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Making the Most of Credit Cards

Chances are you have a way to pay with plastic. But do you have a credit card? Despite the ubiquitous presence of them, a recent poll shows that 63% of Millennials don’t have one.1

But credit cards serve an important purpose. Here are some things to know about them.

How Credit Cards Work

Credit cards attach to a line of credit and work like a loan. Each time you make a purchase, you use up a portion of the credit line and create a balance. When you pay the balance, you free up whatever you paid back and can use it again.

If you pay the balance off in full by the due date, you don’t pay interest. If you don’t pay it off, any amount left will be charged interest. The annual percentage rate (APR) varies depending on the card.

Establishing Credit History

Using your credit card and making on-time payments helps you to establish a credit history. The longer you keep the credit line open and demonstrate good habits, the better your history becomes.

Why does this matter? Your credit history shows what kind of payments you can handle, how responsible you are with debt, how much debt you have and other information. This helps creditors, landlords and even employers assess you. Credit cards can be a key first step in this lifelong “report card.”

Credit Cards At-A-Glance

Credit cards can:

  • Establish credit history.
  • Act as a safety net by paying for emergencies, or tying you over when cash is tight.
  • Offer incentives. Some give reward points for travel, cash back and other goods.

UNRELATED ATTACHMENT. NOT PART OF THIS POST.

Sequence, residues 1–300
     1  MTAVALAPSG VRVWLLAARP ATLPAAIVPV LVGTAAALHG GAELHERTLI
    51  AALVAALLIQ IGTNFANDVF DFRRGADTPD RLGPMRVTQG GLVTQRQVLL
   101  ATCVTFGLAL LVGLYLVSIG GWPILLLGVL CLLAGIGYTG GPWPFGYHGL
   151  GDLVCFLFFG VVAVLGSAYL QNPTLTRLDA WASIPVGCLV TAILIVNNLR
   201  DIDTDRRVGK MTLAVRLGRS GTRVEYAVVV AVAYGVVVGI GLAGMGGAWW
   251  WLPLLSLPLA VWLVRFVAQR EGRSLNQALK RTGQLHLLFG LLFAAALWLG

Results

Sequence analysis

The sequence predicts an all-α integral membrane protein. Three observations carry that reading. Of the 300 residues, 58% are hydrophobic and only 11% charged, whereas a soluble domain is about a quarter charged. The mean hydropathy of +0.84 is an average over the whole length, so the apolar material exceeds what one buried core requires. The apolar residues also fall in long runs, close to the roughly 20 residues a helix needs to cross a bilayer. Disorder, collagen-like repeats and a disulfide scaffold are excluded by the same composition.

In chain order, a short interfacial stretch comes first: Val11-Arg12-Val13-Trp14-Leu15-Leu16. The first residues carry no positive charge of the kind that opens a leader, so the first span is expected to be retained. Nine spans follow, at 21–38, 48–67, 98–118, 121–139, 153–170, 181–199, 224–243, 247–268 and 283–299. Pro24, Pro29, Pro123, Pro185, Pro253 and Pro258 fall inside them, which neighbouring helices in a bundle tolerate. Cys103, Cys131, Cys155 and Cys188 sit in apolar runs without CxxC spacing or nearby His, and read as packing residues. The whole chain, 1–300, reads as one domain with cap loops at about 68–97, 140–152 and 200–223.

• Give you a grace period. There is usually about 25 days to pay off your debt in full to prevent any interest charges.
  • Protect you. If you have fraudulent charges or dispute the quality of something, your credit card might offer protection.
  • Open the door to opportunities. Some offer “no interest” or “low interest” promotions.
  • Offer perks. They sometimes include insurance protection and other benefits.

Be aware that credit cards can also:

  • Make it easy to build debt.
  • Burden you with interest.
  • Harm your credit if you make late payments.
  • Harm your credit if you keep the balance at or near the maximum limit.
  • Cost more to use when merchants charge for the convenience (it costs them more than when you use a debit card).
  • Charge annual fees.

Smart Practices

When using your credit card, consider the following best practices.

  • Try not to use your credit card for everything. Keep it for emergencies, situations when you’re short on cash and to build credit.
  • Do your best not to max out your card. Your credit score evaluates the percentage utilized of your credit line(s). The general recommendation is to keep your usage under 30%. So if you have a $1,000 limit, try to keep your balance under $300.
  • Try to pay your credit card balance off every month (on time). This will:
    ♦ build good credit
    ♦ prevent interest charges
    ♦prevent late-payment charges.
  • If you can’t pay off the entire balance, do your best to pay more than the monthly minimum.

Pick a Card, Any Card

If you’re considering a credit card, be sure to check out County Federal’s. We’ve got a winning hand of cards with a variety of benefits. Check them out here!

1. “More Millennials Say ‘No’ to Credit Cards,”

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